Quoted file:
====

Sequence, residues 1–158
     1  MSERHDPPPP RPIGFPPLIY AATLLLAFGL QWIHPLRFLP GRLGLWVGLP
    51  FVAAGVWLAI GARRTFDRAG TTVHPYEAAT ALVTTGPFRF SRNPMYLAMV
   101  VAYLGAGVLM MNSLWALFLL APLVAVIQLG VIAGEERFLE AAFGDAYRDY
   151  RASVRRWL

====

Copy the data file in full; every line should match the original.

Sequence, residues 1–158
     1  MSERHDPPPP RPIGFPPLIY AATLLLAFGL QWIHPLRFLP GRLGLWVGLP
    51  FVAAGVWLAI GARRTFDRAG TTVHPYEAAT ALVTTGPFRF SRNPMYLAMV
   101  VAYLGAGVLM MNSLWALFLL APLVAVIQLG VIAGEERFLE AAFGDAYRDY
   151  RASVRRWL